The cancer microenvironment plays an important role in the disease emergence, development, recurrence, and treatment resistance. For human myeloid malignancies, the bone marrow microenvironment contains a complex structure with a number of different cell types. The sophisticated interaction network between myeloid leukemia and the microenvironment adds great challenges to elucidating the pathogenesis of the disease, and discovering novel therapeutic mechanisms. Over the last few years, CRISPR-Cas9 genome editing technology has risen as a powerful tool for identifying essential genes for cancer growth. Our lab has further developed an advanced CRISPR-Cas9 screening approach that uses pooled sgRNAs targeting functional protein domains to significantly improve screening efficiency. In contrast to the massive amount of in vitroCRISPR-Cas9 screening studies, very few studies have focused on developing an in vivoCRISPR-Cas9 screening approach. Compared to in vitroscreening, a huge advantage of in vivoscreening is that it allows cancer cells in direct contact with the native microenvironment, which would lead to the identification of essential signalings for cancer development in vivo. In this study, we developed an effective and efficient in vivo domain-targeting CRISPR-Cas9 screening approach with a human acute myeloid leukemia (AML) xenograft model. We designed and constructed a number of domain-targeting sgRNA libraries covering different cellular functions, including G-protein coupled receptors, ion channels, solute carriers, membrane associated proteins, kinases, phosphatases, glycosylation pathway proteins, proteases, transcription factors, and chromatin regulators. We performed the CRISPR-Cas9 screens both in vivo and in vitro at the same time to identify in vivo specific essential genes for AML. With the focused-size libraries, we are able to achieve high screening quality and to nominate high confident in vivo specific targets. Among them, we re-captured the in vivo specific essentialities of the CXCR4 and CD47 genes, which have been well studied for their critical connections with bone marrow microenvironment. In addition, we identified and validated several in vivo specific targets associate with glycosylation pathway, integrin linked pathways, and chromatin regulators. Our preliminary results have demonstrated this approach can effectively identify essential genes for cancer microenvironment, which in vitroscreening is incapable of. We aim to use this approach to further identify in vivo specific targets in other pathways; and to understand their mechanism connecting to the cancer microenvironment; and to identify small molecules with therapeutic potency that could disrupt these connections.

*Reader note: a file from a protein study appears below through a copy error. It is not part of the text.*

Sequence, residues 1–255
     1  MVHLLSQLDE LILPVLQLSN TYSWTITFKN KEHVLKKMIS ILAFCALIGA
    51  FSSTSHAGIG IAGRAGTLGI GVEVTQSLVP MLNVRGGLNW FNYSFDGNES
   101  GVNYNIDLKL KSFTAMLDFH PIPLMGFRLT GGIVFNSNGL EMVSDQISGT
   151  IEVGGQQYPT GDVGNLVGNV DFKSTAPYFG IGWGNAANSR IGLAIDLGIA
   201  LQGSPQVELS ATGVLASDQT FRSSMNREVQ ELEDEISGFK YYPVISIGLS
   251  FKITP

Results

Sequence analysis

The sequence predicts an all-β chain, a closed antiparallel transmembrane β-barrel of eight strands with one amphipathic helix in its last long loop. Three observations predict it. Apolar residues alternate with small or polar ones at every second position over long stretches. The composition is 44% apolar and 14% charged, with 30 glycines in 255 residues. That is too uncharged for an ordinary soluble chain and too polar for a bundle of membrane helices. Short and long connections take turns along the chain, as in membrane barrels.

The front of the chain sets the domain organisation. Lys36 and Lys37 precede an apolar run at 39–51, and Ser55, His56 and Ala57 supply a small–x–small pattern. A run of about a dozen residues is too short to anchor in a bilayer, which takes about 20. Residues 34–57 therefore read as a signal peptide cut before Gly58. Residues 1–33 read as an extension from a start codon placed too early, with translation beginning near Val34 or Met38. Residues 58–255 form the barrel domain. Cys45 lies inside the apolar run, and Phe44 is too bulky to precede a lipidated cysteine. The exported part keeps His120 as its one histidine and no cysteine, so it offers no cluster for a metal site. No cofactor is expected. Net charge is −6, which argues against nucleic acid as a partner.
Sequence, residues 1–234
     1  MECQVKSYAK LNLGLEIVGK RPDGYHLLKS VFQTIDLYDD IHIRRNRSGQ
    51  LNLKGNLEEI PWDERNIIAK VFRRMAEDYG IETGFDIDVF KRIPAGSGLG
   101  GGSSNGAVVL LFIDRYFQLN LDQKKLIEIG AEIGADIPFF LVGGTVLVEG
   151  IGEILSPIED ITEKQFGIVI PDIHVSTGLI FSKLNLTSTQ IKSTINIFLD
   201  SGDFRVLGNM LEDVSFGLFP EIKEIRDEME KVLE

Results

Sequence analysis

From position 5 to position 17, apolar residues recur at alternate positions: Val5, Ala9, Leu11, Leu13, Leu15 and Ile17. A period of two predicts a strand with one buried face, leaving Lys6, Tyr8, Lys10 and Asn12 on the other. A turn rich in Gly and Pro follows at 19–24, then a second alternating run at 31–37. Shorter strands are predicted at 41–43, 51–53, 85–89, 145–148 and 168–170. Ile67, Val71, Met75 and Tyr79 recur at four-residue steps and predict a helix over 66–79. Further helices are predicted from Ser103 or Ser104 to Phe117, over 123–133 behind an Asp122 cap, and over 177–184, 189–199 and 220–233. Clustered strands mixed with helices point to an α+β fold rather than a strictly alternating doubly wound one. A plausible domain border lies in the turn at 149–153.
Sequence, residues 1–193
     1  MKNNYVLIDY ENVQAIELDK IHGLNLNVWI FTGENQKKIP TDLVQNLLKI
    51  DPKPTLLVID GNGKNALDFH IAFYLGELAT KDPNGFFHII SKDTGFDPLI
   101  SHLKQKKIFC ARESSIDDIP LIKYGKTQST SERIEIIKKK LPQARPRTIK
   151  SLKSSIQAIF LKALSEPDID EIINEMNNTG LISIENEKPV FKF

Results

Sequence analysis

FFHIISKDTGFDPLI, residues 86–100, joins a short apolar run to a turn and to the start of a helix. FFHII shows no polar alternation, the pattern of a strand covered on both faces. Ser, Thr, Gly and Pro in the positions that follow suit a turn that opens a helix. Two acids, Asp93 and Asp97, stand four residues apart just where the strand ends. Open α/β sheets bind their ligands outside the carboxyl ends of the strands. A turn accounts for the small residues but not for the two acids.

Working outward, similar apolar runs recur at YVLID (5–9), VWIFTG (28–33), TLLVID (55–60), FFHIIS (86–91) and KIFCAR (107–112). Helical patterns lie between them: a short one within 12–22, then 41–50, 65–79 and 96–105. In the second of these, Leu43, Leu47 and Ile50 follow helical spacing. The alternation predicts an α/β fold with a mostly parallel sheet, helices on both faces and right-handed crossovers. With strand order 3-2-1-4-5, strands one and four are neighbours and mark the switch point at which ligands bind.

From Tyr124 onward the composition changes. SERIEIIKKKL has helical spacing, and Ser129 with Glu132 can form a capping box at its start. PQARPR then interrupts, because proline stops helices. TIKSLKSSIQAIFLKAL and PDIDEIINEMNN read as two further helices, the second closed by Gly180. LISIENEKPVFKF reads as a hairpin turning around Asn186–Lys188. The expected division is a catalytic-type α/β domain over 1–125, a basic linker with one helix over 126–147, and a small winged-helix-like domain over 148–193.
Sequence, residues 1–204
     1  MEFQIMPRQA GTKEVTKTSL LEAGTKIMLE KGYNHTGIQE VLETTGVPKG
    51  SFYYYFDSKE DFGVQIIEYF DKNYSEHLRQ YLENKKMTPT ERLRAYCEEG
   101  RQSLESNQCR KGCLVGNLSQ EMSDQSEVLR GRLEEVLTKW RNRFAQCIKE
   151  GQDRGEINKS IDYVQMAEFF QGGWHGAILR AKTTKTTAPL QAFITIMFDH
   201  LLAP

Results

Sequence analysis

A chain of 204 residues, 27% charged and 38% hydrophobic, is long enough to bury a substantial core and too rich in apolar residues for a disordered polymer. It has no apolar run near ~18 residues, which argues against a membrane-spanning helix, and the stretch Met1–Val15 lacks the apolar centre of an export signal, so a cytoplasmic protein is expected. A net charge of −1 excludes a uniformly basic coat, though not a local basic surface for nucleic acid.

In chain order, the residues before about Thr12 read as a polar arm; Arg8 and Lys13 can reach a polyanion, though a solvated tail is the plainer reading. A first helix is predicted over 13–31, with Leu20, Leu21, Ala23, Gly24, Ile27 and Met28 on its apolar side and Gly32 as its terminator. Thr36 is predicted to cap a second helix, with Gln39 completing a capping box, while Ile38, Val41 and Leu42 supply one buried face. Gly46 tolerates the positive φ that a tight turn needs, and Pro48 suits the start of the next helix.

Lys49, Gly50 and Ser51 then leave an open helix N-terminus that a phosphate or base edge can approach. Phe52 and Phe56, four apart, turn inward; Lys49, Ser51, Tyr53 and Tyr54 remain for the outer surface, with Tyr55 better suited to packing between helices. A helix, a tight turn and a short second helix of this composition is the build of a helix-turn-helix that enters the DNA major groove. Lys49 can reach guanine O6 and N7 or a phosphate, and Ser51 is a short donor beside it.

Citation Format: Yiliang Wei, Christopher Vakoc. Probing leukemia vulnerabilitiesin vivousing domain-focused CRISPR screening [abstract]. In: Proceedings of the American Association for Cancer Research Annual Meeting 2019; 2019 Mar 29-Apr 3; Atlanta, GA. Philadelphia (PA): AACR; Cancer Res 2019;79(13 Suppl):Abstract nr 5161.